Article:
Five dreamers dreamed a dream 35 years ago that lives on with hopes as high as the day they started.
Sierra Repertory Theatre celebrates its 35th anniversary season with a production of the sweeping musical “Les Misérables.” Three of the five founding directors of the foothills theater company remain with the group, which has evolved into one of the area’s premier arts organizations since its humble beginning in 1979.
“When you are a kid, you always dream that you are going to turn your dream into something that would last a long time,” said Sierra Rep co-founder and producing director Dennis Jones. “We were wise enough to know that doesn’t always happen. The philosophy for the theater has always been we are not trying to achieve a specific type of theater by a specific type of time. We just want to keep making each show better than the last and growing. The rest will take care of itself.”
Jones, his wife, managing director Sara Jones, and fellow co-founder and resident stage manager Doug Brennan have stayed with the company since the start. Fellow co-founders Kathryn and David Kahn have since left to pursue other interests.
The quintet met while drama students at the University of the Pacific in Stockton and doing summer stock at the Fallon House Theatre in Columbia. Jones said as a 31-year-old, he saw the potential and demand in the region for a year-round company that staged professional productions. Sierra Rep debuted two years later in a 99-seat theater with a production of “Dracula.”
Now 68, Jones said the mission of Sierra Rep has not changed over its more than three decades.
“The passion for the arts is still as bright and still permeates every decision we make about SRT,” he said.
Not that a passion for the arts can’t translate into some impressive numbers. The company has gone from a budget of $30,000 for its inaugural season to an annual operating budget of more than $1.5 million now. In 1991, it expanded its 99-seat East Sonora theater to a 202-seat space. Then, in 1997, the company took over operation of Fallon House.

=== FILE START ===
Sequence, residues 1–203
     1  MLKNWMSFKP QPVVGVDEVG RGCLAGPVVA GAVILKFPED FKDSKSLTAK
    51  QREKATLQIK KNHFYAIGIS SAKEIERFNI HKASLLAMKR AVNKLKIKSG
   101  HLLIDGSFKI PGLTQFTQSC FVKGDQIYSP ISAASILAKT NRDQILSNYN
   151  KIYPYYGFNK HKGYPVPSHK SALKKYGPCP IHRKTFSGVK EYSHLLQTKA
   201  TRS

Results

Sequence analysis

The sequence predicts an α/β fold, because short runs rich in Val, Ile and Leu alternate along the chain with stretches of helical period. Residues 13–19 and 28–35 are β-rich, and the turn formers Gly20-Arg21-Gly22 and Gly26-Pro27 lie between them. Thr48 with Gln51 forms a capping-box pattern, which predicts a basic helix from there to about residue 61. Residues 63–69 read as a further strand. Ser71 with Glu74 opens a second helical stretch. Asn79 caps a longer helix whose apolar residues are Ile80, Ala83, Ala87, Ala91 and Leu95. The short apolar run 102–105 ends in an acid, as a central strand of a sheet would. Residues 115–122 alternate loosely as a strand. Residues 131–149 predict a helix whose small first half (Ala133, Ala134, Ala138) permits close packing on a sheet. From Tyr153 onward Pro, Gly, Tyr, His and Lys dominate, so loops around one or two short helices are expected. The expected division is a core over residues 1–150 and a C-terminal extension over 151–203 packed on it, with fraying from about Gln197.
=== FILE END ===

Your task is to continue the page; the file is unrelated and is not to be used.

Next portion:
Other by-the-numbers examples of Sierra Rep’s ongoing success abound:
• 7,764 performances of 281 productions over the years.
• 1,129,471 tickets sold since its inception.
• More than 100 artists contracted each year from across the United States.
• More than 500 donors and 1,500 subscribers annually.
• More than 500 actors auditioned for its latest production, “Les Misérables.”
The company regularly brings in professional actors from the Bay Area, Los Angeles, New York and beyond for its productions. Some 300 to 500 actors audition for each production, and the company has built a solid reputation in the theatrical community.
“The SRT experience is vast and incredible. The (staff) give so much of themselves it inspires you to bring more out of yourself,” said Cliff McCormick, who will debut with the company in the leading role of Jean Valjean in “Les Misérables. “I’ve worked in San Francisco, Los Angeles, New York, and there is something special about the environment and spirit and life of SRT. You see it in everyone. It inspires me.”
The company also continues to look toward the future. Early this year, it launched its new education program, SRT Junior, aimed at providing training and productions for a younger audience. Sierra Rep artistic director Scott Viets, who joined the company in 2002, said the theater had been interested in developing an educational program for a while.
“We’ve been wanting to do a children’s program to foster a younger audience,” Viets said. “We wanted to be able to provide education, but quality education. Whether a child wants to be professional or not, this helps to keep the arts alive.”
The company has hired Ralph Krumins full time to serve as its education director. Already the program has exceeded expectations, with nearly 30 students – more than three times the number anticipated – enrolling for the first classes last month, Viets said.
Moving forward, Jones said he hopes the company will continue to grow and thrive. And the dream, as ever, remains the same.
“I think I see a future where the arts continues getting better and better,” Jones said. “As long as live theater remains a staple of the American arts life, we will be here.”